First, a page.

Statistics are the last real taboo in the modern game when it comes to judging players against each other.

Some managers have been criticised for attempting to use figures purely to analyse the value of a player (such as was the case with Kenny Dalglish’s misguided signings of Stewart Downing and Jordan Henderson), but when it comes to those pub discussions and casual football debates, there’s no answer to that mate that can pluck a stat from thin air to shatter someone else’s argument.

It seems clear that amongst pundits, coaches and fans alike, there is always the curiosity concerning how a front man from a smaller club would perform when playing for a giant of the game.

We’ve have already seen some number nines struggle (such as Demba Ba at Chelsea) but could statistics hold the key to deciphering if a player deserves a chance to prove his worth at a top side?

Steven Fletcher has had a successful yet modest career to date. Performing well in struggling sides, but statistics from the 2012-13 Premier League season suggest his performance was far more vital than may have been previously anticipated.

To measure his contribution, we must take a theoretical view to the value of a goal. It is clear that a goal to take your team from a drawing position to a winning one is more useful than the final strike in a 5-0 rout, but can we put a specific number to this.

Firstly, as a striker can be assumed to have no real responsibility than scoring goals and winning games, we can ignore any defensive responsibility he may have. Therefore, a goal putting his team 1-0 up is, as far as he is concerned, enough to win the match.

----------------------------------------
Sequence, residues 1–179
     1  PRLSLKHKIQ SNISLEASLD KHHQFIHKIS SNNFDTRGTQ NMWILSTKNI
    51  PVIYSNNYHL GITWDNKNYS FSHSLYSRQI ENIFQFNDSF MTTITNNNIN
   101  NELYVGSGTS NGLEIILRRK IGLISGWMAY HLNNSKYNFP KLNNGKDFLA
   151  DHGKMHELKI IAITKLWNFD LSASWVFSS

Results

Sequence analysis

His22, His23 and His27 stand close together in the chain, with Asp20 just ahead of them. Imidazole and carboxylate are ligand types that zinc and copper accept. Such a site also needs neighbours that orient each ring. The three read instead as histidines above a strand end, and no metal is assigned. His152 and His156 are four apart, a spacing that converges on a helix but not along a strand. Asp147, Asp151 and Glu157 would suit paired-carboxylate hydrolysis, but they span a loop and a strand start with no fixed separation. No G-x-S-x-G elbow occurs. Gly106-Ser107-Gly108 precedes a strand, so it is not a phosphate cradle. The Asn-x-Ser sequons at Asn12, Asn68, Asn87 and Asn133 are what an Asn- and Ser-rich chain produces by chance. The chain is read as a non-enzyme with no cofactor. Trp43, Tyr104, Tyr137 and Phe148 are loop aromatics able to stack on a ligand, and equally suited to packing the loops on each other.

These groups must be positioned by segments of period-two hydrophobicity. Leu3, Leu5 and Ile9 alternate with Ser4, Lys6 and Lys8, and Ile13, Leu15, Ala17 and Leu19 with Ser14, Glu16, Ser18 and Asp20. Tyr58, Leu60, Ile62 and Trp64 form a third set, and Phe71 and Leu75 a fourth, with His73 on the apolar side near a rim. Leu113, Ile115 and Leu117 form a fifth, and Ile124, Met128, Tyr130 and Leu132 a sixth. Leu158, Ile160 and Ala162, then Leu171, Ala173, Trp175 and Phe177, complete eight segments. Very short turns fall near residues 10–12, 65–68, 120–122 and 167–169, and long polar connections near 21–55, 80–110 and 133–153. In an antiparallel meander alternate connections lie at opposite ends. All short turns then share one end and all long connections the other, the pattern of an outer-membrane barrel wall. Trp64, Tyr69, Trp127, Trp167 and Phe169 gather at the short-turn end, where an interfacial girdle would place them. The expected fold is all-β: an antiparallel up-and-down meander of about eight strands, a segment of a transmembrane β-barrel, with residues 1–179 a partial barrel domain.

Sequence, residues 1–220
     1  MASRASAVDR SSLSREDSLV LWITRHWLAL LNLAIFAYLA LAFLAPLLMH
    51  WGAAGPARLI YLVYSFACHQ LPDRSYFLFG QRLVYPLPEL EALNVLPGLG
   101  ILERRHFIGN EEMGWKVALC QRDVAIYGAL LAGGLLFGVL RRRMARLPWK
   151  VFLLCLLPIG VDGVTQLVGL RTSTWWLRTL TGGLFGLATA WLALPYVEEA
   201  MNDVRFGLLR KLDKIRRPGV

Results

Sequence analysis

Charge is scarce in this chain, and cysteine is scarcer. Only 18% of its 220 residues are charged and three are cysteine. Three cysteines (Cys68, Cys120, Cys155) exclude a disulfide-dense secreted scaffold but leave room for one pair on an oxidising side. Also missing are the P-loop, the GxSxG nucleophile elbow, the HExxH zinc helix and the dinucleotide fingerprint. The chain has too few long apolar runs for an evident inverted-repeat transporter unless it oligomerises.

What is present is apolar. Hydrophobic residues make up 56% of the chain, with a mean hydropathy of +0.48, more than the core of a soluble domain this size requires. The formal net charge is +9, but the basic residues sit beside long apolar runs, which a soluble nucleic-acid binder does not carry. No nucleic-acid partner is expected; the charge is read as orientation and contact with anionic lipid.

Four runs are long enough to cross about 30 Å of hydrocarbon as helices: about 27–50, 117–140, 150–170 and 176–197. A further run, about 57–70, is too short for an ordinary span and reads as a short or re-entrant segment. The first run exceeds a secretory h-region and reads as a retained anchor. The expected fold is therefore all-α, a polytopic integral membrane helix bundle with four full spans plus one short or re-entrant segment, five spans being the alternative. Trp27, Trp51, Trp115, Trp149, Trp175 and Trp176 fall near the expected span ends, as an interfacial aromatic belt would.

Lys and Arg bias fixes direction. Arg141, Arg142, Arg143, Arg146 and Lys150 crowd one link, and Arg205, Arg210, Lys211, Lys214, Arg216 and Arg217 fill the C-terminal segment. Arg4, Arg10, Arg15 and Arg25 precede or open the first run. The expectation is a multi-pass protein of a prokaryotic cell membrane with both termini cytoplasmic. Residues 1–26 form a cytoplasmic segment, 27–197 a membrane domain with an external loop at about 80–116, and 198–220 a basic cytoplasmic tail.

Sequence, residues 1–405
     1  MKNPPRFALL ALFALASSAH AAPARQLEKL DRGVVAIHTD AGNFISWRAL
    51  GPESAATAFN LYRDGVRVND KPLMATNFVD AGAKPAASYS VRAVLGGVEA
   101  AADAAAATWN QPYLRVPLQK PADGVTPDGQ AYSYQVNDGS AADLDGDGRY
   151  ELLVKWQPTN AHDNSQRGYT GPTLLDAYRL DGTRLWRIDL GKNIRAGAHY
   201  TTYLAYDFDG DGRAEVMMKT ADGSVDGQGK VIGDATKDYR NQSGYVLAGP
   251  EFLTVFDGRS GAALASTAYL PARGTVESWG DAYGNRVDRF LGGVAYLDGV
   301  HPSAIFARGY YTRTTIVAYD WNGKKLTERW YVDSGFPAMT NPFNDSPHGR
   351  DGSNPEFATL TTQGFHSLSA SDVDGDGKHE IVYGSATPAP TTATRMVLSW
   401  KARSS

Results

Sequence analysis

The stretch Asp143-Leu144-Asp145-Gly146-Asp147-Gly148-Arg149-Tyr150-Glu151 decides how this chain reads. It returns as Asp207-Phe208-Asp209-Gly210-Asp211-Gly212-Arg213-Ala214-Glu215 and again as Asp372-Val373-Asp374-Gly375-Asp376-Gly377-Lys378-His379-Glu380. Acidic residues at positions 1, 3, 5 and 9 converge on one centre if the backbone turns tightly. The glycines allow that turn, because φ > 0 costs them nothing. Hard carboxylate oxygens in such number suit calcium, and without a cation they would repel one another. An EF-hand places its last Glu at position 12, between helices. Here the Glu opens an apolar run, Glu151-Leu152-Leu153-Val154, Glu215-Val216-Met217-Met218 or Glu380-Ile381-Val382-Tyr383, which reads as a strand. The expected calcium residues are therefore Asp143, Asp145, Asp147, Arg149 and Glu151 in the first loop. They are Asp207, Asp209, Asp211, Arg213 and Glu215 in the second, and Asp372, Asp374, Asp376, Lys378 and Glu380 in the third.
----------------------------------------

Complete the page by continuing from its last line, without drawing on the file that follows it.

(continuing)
As a result of this discovery, each striker’s goals tally can be calculated in terms of the relative points each goal was worth at the time of scoring, with an equaliser worth one, and a goal to take his team to a winning position worth three.

This may seem like the finished article, and with this taken into consideration, van Persie would come out on top of the other strikers. 

However, more analysis can be made to prevent the study from being skewed towards the players with lots of creative players behind them, providing them with a far higher number of chances to shoot at goal. To combat this, we must divide the number of points earned per season by shots taken and there you have a figure depicting how many shots a striker has to take before he earns the equivalent of one point.

Crucially, under this system, Steven Fletcher comes out on top of the pile, closely followed by some other surprising candidates, notably Adam Le Fondre and Dimitar Berbatov. But what of the other big name strikers?

As you may expect, van Persie performs well, coming just behind some of the names mentioned above. However, the likes of Luis Suarez and Wayne Rooney are at the other end of the spectrum, as their wasteful nature is reflected in the numbers.

To conclude, although there is plenty more room for improvement in studies such as this above, it must not be forgotten that statistics could play a valuable role in the future of football, as relative minnows such as Le Fondre and Fletcher proved to be as valuable to their sides as the likes of van Persie.

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